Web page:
The fact of the matter is that most Catholics the world over are content with the teachings of the Church, and the portions of the Church that are growing the fastest are those that are the most traditional and orthodox. That is simply an uncontestable fact.
The ECUSA has embraced the "glories" of supposed inclusiveness and diversity, radical feminism. abortion, women priests, gay clergy, contraception, and the de-dogmatazation of the Faith so that almost anything can be believed in "good conscience". And what about their growth? Where is the vibrant growth and vigor of youth in the ECUSA or any other heterodox or so-called liberal Christian group? It seems like heterodox Christianity is about the most boring place one could find oneself, where nothing really matters, nothing is really true, where Christ is not really God, where we all talk about how much we luv eachother (unless one happens to be in the womb), and the only creed is that there is none. For all this Spong like talk of "Christianity must change or die", all I seem to see is that those who have changed the most are dying the fastest.
As to +Martino, he was like an elephant in a china shop, not really that tactful. Yet how many current American Bishops allowed so much abuse to take place, and are still Bishops in "good standing". It seems a bit absurd if he was pressured hard behind the scenes to resign, yet all these other Bishops with real "blood on their hands" quietly resume to hang in their chanceries.
I hope that all my quotation marks and all the rest didn't drive you crazy as a writer. It is a quirk I inherited from my father, and I can't quite seem to beat it.

Mike McShea said...

Good points.

There are two levels of the churches worldwide. One would assume that one level should lead the way into a future, bleak or not. The Spong stuff has no real suggestions for change beyond the poetic level.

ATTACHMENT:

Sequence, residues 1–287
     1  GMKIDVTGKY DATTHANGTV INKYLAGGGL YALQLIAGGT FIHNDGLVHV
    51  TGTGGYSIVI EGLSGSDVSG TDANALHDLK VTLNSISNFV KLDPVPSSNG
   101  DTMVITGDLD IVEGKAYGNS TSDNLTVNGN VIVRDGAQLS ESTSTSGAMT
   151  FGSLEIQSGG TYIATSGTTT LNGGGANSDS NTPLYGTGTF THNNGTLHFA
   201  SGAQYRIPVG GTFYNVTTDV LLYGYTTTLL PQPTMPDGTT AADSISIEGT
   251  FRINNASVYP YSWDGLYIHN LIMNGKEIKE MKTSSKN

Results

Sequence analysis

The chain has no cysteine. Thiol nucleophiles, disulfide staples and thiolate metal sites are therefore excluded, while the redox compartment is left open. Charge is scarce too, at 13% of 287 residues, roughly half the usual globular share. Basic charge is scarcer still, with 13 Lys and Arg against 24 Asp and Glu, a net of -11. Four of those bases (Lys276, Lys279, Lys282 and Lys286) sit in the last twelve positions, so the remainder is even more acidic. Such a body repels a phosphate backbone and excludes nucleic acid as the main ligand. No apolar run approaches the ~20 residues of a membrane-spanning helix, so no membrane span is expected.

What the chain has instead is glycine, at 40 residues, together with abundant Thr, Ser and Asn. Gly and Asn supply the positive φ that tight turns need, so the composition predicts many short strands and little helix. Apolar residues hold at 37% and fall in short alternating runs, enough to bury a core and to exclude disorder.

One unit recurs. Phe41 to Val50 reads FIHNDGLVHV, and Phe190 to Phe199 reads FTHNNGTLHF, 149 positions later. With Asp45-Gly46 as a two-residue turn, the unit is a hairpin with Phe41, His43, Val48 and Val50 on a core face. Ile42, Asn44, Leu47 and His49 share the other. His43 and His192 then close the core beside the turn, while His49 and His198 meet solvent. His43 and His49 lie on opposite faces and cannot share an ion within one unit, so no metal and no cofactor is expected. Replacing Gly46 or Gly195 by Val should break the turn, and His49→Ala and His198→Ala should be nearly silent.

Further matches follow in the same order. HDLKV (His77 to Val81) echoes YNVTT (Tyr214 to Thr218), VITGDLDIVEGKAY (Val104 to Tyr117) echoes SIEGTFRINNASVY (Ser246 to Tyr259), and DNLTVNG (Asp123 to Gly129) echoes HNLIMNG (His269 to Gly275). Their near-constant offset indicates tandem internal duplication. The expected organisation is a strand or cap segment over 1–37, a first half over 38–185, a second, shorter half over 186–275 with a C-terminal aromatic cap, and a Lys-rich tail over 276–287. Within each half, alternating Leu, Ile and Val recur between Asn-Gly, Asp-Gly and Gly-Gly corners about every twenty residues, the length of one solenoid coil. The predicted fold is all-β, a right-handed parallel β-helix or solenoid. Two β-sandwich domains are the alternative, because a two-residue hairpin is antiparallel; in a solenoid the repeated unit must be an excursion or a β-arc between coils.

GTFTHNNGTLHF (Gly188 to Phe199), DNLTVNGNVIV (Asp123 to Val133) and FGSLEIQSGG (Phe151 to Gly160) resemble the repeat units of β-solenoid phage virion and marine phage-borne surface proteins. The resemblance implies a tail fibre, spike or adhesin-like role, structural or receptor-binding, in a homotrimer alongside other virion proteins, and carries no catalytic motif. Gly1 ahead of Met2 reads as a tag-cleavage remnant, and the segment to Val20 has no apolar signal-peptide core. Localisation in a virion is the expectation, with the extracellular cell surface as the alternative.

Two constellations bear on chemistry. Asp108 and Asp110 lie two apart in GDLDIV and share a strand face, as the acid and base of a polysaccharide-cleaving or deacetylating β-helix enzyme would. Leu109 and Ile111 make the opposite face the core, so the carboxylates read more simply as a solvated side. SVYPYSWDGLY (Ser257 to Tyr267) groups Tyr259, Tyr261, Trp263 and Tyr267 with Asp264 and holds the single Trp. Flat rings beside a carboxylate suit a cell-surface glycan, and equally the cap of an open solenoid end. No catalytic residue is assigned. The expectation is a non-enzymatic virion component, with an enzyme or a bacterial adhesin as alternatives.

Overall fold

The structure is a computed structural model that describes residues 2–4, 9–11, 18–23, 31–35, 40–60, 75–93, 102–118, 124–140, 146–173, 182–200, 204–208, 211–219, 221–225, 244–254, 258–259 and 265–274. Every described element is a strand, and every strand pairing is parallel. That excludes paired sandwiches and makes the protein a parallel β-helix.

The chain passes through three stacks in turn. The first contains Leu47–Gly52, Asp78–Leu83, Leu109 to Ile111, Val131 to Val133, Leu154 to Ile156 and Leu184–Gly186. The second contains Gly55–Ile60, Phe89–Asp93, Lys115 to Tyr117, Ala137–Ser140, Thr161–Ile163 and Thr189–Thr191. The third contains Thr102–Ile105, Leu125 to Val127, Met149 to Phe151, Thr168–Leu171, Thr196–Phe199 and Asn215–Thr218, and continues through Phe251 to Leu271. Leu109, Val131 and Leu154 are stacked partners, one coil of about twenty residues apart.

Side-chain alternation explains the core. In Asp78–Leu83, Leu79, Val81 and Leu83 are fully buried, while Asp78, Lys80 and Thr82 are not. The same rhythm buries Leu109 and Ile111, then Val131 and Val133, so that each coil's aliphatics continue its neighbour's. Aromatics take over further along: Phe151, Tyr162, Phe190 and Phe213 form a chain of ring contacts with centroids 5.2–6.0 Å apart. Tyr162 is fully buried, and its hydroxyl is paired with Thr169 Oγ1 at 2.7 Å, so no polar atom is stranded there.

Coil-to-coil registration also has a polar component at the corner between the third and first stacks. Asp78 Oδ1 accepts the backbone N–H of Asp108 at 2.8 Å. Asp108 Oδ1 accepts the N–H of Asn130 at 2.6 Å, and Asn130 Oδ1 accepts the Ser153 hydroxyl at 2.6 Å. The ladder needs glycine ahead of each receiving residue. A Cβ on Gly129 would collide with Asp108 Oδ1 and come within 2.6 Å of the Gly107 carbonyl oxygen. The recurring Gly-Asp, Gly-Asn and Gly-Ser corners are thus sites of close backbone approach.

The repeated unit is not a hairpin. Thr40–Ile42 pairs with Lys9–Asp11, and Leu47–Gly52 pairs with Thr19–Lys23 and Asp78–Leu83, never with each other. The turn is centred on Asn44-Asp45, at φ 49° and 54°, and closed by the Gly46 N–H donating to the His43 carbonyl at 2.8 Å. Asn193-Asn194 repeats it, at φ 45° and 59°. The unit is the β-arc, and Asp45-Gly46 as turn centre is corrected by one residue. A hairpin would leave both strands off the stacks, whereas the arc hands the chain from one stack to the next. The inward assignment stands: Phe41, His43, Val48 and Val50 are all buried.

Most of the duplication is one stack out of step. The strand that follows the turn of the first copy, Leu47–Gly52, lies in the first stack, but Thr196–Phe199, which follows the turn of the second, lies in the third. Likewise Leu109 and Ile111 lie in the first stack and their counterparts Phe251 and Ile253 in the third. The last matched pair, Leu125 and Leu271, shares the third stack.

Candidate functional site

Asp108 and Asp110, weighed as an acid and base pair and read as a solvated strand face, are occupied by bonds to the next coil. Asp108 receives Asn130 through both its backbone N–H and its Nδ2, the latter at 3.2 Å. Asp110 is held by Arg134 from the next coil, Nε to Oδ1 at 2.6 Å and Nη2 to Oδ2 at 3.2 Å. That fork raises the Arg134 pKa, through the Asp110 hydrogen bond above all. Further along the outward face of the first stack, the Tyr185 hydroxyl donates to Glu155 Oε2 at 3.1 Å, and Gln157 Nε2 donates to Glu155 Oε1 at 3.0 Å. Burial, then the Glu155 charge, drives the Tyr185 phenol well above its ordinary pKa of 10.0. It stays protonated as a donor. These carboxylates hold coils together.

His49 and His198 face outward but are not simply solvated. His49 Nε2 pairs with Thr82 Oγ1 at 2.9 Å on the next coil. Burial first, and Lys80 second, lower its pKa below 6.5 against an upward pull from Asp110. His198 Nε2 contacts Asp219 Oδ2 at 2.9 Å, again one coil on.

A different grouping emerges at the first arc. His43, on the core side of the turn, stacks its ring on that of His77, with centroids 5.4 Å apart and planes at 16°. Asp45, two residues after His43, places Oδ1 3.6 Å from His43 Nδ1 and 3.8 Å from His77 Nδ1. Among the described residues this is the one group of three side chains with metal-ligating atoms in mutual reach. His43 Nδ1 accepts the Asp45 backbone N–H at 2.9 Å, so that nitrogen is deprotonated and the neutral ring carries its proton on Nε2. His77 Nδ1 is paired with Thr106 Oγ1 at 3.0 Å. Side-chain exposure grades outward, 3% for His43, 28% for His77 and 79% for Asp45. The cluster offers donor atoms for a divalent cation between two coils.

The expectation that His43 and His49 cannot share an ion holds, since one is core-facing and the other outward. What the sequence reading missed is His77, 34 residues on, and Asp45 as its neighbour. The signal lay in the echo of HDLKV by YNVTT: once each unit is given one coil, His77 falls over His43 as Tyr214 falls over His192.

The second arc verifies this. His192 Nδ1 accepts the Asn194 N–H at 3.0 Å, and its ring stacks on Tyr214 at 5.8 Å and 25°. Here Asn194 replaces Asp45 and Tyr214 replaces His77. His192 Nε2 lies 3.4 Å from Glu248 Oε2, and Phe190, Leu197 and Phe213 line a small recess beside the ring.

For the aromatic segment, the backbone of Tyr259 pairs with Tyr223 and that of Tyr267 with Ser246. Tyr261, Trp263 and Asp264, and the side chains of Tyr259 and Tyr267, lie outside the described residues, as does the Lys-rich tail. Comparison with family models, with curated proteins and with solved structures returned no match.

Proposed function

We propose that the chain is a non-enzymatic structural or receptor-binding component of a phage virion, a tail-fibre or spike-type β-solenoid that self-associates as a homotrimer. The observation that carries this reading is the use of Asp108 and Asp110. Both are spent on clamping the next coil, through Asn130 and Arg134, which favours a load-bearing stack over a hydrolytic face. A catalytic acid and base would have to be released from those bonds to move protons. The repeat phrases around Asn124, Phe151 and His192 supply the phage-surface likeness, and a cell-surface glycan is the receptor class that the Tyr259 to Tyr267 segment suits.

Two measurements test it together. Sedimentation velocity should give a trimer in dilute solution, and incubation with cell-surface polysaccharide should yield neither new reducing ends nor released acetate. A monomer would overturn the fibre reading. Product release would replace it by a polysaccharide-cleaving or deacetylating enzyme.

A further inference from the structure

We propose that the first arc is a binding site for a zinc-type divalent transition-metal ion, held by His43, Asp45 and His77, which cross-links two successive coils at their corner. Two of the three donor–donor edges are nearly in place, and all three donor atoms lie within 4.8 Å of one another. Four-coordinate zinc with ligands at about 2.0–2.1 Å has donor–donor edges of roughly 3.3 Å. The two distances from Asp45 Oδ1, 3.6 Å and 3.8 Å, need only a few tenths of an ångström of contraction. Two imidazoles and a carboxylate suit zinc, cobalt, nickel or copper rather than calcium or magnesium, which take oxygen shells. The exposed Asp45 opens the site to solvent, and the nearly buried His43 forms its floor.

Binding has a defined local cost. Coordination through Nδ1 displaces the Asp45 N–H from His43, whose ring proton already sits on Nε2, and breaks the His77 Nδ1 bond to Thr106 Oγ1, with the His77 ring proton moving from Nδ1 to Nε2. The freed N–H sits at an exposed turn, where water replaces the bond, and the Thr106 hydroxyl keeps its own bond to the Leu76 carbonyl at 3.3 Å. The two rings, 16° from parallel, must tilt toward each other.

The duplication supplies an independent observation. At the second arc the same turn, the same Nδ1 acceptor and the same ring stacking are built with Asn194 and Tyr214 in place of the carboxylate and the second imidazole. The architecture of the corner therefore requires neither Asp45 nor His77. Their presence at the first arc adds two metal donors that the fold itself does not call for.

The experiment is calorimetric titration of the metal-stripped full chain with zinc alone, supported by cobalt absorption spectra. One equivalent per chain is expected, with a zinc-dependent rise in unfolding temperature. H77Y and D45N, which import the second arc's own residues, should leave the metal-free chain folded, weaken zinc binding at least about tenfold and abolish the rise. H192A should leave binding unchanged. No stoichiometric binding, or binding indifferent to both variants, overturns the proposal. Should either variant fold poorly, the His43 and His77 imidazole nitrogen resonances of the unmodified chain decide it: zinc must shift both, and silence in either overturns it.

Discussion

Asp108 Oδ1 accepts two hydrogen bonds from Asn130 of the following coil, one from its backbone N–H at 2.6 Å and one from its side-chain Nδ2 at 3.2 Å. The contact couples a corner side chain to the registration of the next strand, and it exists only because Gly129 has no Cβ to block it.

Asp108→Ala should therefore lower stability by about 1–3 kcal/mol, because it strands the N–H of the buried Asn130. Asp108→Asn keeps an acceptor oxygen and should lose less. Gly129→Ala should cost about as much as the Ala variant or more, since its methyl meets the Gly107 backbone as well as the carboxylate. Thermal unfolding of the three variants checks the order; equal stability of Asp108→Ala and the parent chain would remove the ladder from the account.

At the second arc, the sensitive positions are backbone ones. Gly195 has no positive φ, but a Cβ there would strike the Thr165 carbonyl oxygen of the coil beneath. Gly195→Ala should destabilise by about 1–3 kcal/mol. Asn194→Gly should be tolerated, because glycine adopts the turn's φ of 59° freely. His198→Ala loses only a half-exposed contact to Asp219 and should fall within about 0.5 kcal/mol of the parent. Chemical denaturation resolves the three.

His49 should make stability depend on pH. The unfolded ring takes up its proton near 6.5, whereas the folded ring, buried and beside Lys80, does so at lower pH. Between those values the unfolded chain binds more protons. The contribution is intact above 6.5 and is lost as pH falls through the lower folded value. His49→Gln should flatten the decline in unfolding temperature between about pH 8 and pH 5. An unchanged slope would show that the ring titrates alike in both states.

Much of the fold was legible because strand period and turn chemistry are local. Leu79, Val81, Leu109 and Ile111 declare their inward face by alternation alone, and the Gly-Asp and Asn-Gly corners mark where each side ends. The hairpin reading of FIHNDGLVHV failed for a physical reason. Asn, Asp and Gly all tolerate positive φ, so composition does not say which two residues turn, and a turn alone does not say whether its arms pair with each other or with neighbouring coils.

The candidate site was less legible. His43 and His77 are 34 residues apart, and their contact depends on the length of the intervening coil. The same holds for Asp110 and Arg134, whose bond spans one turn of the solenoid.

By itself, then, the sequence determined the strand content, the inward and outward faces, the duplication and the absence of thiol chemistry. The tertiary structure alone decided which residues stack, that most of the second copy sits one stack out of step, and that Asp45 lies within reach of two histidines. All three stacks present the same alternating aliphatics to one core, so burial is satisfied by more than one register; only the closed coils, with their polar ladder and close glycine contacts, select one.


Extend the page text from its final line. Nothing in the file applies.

Just because the old Edsel model sells well in a non-european setting does not mean that the front office company is in healthy economic or spiritual mode.

The Christian church dies and is reborn about every five hundred years. I would hope that its rebirth in the next century does not restart for a ground zero but is resurrected with a viable gameplan and business model that values humanity, the here and now with social justice, more than it currently seems to.

As for ole Joe Martino, the washing of blood off one’s hands seems to be a standard front office business practice with that exclusive males only Bishop’s club.

Dave said...

What more would you want from Spong? Throwing open the curtains is no small feat and yet you want more? He has exposed a dead end in the it's up to each of us to chart another course. Just because he doesn't point the way is no reason to down grade what he's done. A brilliant mind.

Dave said...

Dying or morphing into something new and exciting? That which is irrelevant is doomed to fade away and be replaced by better ideas. Inter-faith efforts are afoot and that is where the next great ideas will come from unless we destroy ourselves thru fundamentalism and fear. Nowhere in the Koran does it say that a muslim is to convert the non-believer! That is right wing hate speak. God is father of us all..and we better grasp the idea soon.

Anonymous said...

The Bishop's resignation and the flock rebellion have very little or nothing to do with abortion rights, gay rights, or anyone's rights. I'm from Scranton. There are ethnic churches and bars on every corner (Polish, Italian, Russian, Irish, etc.) The Polish people don't go to the Irish church and vice versa. The economy of Scranton has tanked. The population is shrinking and aging. There are no more priests coming through the pipeline. The Bishop has been closing and consilidating the cas-starved ethnic churches and schools, and grandma and grandpa rebelled. No one will give to the Bishop's appeal when their favorite church is being closed, and their favorite priest has been transferred. The Bishop was forced out by the flock (and I wonder if he was told to resign because revenues are down!).

Dave said...

It's always about the money! Preaching to the choir but we understand the dynamic in play here. The RCC is fading away with the decline of the war generation here in the USA but world wide is where the future treasure lies. The well and the mines are going dry in coal country but greener pastures beckon Joe the Pope and his minions.